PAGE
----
But Donald Trump withdrew the US from the Paris Agreement, leaving much of the world skeptical about the US’s commitment to addressing climate change, even under the Biden administration. 

Biden signed an executive order on Day One, bringing the US back into the agreement. 

By rejoining the Paris Agreement, it puts the US back on track for an emission goal scientists say is urgently needed, starts to repair the country’s reputation and could convince other countries to improve their efforts knowing that the US is doing so as well.

2. Hosting the World Climate Summit

One of Biden’s first climate-related promises on the campaign trail was to convene a world summit within the first 100 days to discuss the threat of climate change and highlight the renewed global commitment to do something about it. Biden hosted the virtual summit last week. 

“I think holding this summit so soon after Biden started was a good thing and signaled that America is serious about this,” Dello said.

Fighting these things will take a global effort, scientists and world leaders agree, and the key to that global effort is American leadership. The US is the second largest emitter of carbon dioxide in the world behind China, but China has already made significant pledges. So leadership from the US president is vital both to persuading Congress to act and to convincing the world that the US is serious. The US cannot solve the crisis on its own, but the world needs the US to do so. 

There is no separating the global from the local on climate change.

“If North Carolina alone were to say ‘we’re going to tackle this problem just by ourselves,’ we’re not going to change much of our trajectory,” Dello said. “It will take a global effort.”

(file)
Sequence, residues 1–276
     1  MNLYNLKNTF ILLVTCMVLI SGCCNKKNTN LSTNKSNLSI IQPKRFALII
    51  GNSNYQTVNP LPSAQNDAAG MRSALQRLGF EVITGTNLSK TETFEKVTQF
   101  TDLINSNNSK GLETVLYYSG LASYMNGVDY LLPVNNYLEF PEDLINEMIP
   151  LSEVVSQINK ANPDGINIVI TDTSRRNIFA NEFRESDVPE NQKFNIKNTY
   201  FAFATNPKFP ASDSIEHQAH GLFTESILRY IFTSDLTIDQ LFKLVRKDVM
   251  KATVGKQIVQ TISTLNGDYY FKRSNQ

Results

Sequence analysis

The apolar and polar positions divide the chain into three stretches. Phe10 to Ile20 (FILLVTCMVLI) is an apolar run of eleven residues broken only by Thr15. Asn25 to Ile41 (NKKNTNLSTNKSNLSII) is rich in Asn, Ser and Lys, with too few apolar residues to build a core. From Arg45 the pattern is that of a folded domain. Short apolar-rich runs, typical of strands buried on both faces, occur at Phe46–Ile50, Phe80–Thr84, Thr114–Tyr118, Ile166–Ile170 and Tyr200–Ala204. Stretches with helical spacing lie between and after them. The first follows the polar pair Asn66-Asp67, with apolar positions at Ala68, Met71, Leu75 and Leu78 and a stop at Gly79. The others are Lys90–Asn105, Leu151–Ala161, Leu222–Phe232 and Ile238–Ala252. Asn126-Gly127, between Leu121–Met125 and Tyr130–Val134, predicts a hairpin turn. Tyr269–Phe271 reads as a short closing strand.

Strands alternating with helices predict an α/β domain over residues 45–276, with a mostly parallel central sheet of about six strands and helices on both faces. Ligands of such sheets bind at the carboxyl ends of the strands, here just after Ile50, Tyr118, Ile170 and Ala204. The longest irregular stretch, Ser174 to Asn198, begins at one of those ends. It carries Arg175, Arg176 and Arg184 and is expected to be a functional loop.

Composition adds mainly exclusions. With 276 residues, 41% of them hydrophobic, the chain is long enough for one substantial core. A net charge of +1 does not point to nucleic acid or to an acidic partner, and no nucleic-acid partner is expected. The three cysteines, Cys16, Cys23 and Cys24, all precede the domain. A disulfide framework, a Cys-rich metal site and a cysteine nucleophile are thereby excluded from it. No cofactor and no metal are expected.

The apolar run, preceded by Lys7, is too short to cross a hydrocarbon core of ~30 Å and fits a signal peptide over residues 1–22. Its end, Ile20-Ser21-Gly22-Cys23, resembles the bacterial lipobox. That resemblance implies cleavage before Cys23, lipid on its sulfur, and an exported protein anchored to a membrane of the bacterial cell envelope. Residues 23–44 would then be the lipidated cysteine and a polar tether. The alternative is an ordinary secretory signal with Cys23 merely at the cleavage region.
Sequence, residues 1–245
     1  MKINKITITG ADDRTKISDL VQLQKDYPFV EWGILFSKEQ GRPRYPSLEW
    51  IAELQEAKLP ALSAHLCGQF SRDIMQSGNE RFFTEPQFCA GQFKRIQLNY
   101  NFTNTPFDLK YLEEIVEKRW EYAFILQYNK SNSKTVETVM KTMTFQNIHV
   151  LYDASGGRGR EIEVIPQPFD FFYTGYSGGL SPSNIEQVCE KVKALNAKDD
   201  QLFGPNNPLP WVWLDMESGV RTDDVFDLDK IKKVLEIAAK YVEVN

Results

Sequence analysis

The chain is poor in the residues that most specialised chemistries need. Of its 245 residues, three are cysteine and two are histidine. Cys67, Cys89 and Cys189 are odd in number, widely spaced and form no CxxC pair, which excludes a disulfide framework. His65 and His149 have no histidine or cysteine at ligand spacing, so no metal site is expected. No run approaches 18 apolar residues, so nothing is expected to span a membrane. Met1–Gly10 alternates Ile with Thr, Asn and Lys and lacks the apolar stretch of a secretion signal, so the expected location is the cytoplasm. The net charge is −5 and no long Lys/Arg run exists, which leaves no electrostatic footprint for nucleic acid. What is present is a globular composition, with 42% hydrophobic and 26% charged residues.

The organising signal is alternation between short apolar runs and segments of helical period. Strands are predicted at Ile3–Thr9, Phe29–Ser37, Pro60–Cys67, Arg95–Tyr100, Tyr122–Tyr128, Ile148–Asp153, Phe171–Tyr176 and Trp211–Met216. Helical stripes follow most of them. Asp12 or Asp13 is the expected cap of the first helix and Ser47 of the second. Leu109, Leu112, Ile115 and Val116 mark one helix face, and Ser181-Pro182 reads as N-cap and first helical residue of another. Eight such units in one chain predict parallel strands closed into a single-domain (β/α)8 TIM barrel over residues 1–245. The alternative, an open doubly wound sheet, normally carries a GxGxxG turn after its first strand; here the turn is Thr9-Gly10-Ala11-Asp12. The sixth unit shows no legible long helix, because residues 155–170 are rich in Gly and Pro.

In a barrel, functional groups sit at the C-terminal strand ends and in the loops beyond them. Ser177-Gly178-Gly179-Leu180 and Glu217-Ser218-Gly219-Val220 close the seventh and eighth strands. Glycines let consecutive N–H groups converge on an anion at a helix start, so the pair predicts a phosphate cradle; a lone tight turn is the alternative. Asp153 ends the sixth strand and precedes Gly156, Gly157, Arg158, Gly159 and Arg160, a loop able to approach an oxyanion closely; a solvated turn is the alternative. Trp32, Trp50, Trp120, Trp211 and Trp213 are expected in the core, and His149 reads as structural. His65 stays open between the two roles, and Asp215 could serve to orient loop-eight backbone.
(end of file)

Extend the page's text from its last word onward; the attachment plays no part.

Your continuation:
As important as it was to keep the promise to hold the summit, it was the pledge that Biden made at the meeting that is the big deal. 

3. Pledge to Reduce Emissions by 50%

Biden said at the summit that the United Staes would reduce its greenhouse gas emissions by at least 50% from 2005 levels, a significant undertaking that will require a complete overhaul of the US energy sector (which is currently dependent on the burning of fossil fuels). 

Such a move would require lots of political and individual will, but it would also make a huge difference.

First, let’s look at how this all works. We burn coal and other fossil fuels to convert them into the energy that powers are homes, fuels our cars and engines, and drives our livelihoods. But when coal is burned it releases vast amounts of carbon dioxide which then gets stuck in our atmosphere and takes at least a hundred years to break down. While it’s trapped, carbon dioxide does some trapping of its own, capturing heat from the sun as it bounces off of the Earth’s surface and preventing it from escaping into space. That heat radiates back toward Earth, and there you go. 

A similar process follows the methane emitted during oil and gas production and lots of other industry-tied greenhouse gases. 

So to reduce the amount of greenhouse emissions is to lower the rate at which our planet heats up. And a significant reduction is not some metric of the ideal, it is necessary to avoid the worst of the worst-case scenarios. If we don’t hit that mark, the consequences are inevitable.

A warmer planet means a more volatile atmosphere with a capacity to to both bring record levels of rain and widespread drought. It’s how emissions in India have a direct effect on the climate in NC.

“I don’t know where we will be able to run to to escape climate change,” Dello said

But the emissions pledge is a great start, she said. 

“What was pledged last week was really encouraging and ambitious and necessary.”

She added: “It’s part of our morality to decrease our emissions.”

4. Proposals in the American Jobs Plan

Wait, there’s more. The infrastructure proposal put forth by the Biden administration casts the fight against climate change as a key part of our daily lives, devoting vast resources and funds to reshaping the energy sector, bolstering crumbling roads, bridges, pipes and roadways, and protecting what has already been built from catastrophic loss in property and lives.